More: 
A modern timber house in Indonesia celebrates mummified wood

UN predicts dire future for planet unless people change their ways NOW

March 18, 2019 by  
Filed under Green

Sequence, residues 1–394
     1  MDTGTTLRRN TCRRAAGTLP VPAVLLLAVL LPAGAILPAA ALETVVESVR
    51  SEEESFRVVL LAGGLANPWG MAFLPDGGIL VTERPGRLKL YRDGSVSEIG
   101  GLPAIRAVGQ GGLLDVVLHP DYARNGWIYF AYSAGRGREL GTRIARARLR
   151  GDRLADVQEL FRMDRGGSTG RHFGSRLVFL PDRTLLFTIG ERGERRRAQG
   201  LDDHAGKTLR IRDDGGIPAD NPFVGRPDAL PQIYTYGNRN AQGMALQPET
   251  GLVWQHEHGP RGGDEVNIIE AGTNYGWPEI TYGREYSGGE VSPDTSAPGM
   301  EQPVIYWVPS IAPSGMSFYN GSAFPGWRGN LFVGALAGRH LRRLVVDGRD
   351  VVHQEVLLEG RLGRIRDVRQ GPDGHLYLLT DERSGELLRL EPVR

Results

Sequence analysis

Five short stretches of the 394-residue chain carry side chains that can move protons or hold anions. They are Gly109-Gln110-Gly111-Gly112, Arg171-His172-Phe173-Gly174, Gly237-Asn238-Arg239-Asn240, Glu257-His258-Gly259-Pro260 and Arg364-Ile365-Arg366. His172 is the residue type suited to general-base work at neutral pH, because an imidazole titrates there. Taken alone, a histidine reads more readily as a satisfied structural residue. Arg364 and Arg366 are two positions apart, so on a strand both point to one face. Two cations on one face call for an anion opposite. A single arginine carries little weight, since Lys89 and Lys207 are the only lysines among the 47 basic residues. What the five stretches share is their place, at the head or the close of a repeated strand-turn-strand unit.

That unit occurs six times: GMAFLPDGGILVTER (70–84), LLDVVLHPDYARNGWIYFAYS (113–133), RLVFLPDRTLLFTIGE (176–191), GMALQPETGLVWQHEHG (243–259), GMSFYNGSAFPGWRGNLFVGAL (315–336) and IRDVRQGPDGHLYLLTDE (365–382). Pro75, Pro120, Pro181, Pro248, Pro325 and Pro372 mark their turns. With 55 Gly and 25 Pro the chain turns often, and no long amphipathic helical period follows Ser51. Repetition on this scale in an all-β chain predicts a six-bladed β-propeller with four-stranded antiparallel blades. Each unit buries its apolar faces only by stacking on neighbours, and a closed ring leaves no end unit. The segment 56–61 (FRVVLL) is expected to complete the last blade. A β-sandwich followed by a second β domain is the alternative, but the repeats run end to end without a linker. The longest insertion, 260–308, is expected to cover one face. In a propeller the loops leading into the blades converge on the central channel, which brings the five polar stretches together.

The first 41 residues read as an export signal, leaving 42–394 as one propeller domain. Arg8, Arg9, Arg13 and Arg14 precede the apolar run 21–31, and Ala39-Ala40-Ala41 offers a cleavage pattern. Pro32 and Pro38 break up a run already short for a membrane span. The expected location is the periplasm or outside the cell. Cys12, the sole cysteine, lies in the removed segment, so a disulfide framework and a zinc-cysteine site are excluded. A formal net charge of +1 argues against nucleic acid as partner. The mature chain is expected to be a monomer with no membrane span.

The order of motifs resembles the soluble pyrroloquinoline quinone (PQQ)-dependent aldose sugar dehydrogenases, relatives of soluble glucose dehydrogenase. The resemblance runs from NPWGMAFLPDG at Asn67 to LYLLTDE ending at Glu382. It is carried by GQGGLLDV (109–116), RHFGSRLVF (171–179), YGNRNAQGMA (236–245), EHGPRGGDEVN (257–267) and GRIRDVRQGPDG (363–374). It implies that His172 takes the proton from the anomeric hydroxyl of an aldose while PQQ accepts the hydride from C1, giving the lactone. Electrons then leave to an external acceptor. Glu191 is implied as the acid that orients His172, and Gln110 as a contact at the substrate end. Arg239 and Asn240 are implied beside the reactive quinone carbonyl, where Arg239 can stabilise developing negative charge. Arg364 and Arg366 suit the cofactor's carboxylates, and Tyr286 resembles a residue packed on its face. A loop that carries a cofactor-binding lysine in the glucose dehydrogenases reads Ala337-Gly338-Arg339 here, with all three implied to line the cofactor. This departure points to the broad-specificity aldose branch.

The United Nations’ newest Global Environmental Outlook reinforces the worries of everyone concerned about the environment and our planet’s future. The 708-page report, released last week, examines human-inflicted woes on air, land and water. Scientists urge humans to immediately change their ways before we render Earth inhabitable. To those who have been paying attention to the planet’s decline, this report will not be news. But seeing all this human-wrought destruction in one enormous document makes for a grim, and even, shocking read. A few lowlights: Most land habitats have decreased in productivity for growing food and other vegetation; urban development and agriculture have claimed 40 percent of wetlands since 1970; water quality continues to worsen, due in part to chemical pollution; biodiversity is tanking, with many land, marine and freshwater species at risk for extinction; a third of the world’s people lack safe sanitation. Related: Air pollution is killing Europeans at an alarming rate With human population expected to hit 10 billion by 2050, these problems will only increase. “The science is clear,” Joyce Msuya, acting executive director of U.N. Environment, said in a briefing. “The health and prosperity of humanity is directly tied with the state of our environment .” If we don’t change our ways soon, she said, the problem won’t be reversible. Changes in consumption, energy creation and waste disposal are crucial. Fortunately, the new UN report also contains solutions. For example, changing agricultural practices and redistributing food could help stem land degradation and biodiversity loss. More efficiently using and storing water, and investing in desalination, could improve the water scarcity situation. But it will take more than well-meaning individuals to reverse Earth’s fast track toward destruction. Politicians and policy makers around the world will need to join together to devise and enforce strategies to stabilize and improve water , air and land quality before it’s too late. Via National Geographic Image via